Transforming Maasai women’s lives with stoves and solar
Traditionally, the Massais entire social structure and belief system are based on war and cattle-herding. It is said that Maasai men do the fighting; the women everything else.Kaz Janowski
Kisioki Moitiko is the project manager of Maasai Stoves and Solar Energy project. He helped establish, and is now director of, Tanzanian NGO the International Collaborative for Science, Education, and Environment, ICSEE (Tanzania). Also a translator, Kisioki is now a vital intermediary between researchers and the rural Maasai community.Kaz Janowski
A new-look traditional Maasai hut with chimney and solar panel. Maasai women have enthusiastically embraced the not-so-new technology of clean fuel-efficient stoves and mini solar panels. They take enormous pride in their new homes and independent entrepreneurial spirit.Kaz Janowski
The dark, smoky interior of a traditional Maasai hut. Children sit around the traditional cooking arrangement based on three stones. Smoke stings the eyes and catches the back of the throat.Kaz Janowski
The simple arrangement of a gap in the thatch roofing provides an exit for smoke in a traditional hut.Kaz Janowski
The shaven heads of Maasai women and their beaded ornaments confirm their attachment to the past while their mobile phones suggest a more empowered future.Kaz Janowski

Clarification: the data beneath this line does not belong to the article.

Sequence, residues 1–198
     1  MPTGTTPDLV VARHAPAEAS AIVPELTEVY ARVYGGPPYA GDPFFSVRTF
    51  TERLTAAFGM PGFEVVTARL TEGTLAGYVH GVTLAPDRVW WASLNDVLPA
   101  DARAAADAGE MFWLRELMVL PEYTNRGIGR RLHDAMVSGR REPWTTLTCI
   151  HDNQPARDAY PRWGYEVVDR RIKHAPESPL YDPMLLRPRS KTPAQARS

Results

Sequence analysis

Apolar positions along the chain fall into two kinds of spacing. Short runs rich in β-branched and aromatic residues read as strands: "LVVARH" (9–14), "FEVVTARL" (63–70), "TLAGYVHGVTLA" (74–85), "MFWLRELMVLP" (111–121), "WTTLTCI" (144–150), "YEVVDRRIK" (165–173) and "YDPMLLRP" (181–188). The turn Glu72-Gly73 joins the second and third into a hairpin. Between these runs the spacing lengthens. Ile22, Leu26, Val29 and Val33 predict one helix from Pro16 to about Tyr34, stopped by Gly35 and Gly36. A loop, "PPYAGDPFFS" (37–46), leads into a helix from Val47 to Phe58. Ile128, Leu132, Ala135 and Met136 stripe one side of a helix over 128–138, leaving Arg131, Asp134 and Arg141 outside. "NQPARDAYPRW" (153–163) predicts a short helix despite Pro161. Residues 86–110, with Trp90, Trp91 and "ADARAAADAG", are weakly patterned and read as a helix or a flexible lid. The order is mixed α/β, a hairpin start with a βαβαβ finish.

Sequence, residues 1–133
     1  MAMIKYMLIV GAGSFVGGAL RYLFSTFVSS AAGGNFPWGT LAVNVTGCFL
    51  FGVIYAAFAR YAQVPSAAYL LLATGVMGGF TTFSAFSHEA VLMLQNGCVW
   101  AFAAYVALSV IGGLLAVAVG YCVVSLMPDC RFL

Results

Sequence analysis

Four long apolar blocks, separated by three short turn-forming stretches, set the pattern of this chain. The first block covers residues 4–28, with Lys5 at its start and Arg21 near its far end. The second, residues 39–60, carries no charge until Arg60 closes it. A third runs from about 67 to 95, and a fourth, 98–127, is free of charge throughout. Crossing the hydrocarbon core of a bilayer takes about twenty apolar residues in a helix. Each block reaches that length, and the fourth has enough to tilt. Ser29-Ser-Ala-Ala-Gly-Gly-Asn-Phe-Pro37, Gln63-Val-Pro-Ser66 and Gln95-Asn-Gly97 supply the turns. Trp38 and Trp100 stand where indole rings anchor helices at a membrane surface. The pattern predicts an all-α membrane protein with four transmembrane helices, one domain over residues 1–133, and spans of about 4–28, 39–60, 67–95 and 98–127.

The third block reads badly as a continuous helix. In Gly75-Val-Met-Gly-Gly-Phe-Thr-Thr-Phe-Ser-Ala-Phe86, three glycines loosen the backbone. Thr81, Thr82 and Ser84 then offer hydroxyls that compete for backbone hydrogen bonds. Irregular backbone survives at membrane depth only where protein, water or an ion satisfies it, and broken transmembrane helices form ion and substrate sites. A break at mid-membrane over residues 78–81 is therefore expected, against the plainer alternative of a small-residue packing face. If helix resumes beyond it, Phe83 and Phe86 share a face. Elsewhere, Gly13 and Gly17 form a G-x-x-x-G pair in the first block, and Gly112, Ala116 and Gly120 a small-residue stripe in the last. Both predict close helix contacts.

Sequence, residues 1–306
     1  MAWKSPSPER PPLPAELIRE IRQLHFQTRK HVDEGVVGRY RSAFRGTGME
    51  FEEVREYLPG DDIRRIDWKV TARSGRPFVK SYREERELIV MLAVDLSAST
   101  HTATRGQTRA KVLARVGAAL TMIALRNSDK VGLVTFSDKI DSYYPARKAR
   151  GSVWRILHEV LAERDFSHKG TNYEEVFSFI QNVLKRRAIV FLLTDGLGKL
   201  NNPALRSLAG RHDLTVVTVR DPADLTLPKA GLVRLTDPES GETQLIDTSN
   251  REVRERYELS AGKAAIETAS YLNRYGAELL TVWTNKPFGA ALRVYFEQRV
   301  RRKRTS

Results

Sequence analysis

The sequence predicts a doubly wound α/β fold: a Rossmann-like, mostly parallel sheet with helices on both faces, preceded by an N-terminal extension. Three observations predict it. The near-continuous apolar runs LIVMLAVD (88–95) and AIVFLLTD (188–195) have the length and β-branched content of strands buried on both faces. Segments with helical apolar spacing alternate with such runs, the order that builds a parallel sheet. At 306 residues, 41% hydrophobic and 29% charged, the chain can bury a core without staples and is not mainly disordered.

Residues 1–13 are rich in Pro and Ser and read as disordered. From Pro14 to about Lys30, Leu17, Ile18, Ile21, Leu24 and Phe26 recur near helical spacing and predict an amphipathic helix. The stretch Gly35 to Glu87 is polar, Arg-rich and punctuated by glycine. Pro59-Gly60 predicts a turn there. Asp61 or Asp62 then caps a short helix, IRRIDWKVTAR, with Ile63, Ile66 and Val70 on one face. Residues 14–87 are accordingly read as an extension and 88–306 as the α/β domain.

While Maasai women are happy to work with local materials such as clay for building their stoves, they are not yet ready to work with metal. The steel sheeting essential for providing durability and strength to the stoves is machined in a small foundry by men from Kenya.Kaz Janowski
A woman in the process of building a stove.Kaz Janowski
Nailah has earned the reputation of being a stove expert in the community. She visits other villages where she passes on her skills or repairs damaged stoves. This earns her an income, making her more independent.Kaz Janowski
The initial success of the clean stoves initiative led to women working with solar panels. Clean air and light provide clear benefits to households who can afford them.Kaz Janowski
Nailah holds up her solar-charged light. Her children can read their school books indoors and she can make money by taking payment from neighbours in return for charging their mobile phones.Kaz Janowski
Women and children walk long distances to fetch water. A major burden in itself, the water they carry is a precious resource that is rarely free from contamination. The project is now experimenting with developing solar water purification systems. These wont eliminate the drudgery of fetching water but could at least make it safer to drink.Kaz Janowski
A young Maasai girl smiles cheekily at the camera. With the help of projects such as Maasai Stoves and Solar she can look forward to a brighter future.Kaz Janowski
The Maasai are a semi-nomadic people occupying large areas of southern Kenya and northern Tanzania. They once roamed freely over the plains of East Africa with their cattle and presented an iconic image of a proud, warrior lifestyle. Despite efforts to settle them, many still move around and choose to adhere to their age-old practices. The men engage in cattle-herding and roaming far afield, while the women and very young children keep the economy ticking over. The women preside over their traditional households, fetch water and firewood and traditionally cook food on three-stone hearths. Their houses are dark and filled with acrid smoke, causing respiratory problems for young and old alike.
With the installation of a clean stove and small solar panel the interior of the traditional house becomes transformed as do the lives of the women and children.
The project is now beginning to tackle the problem of providing clean drinking water using solar power.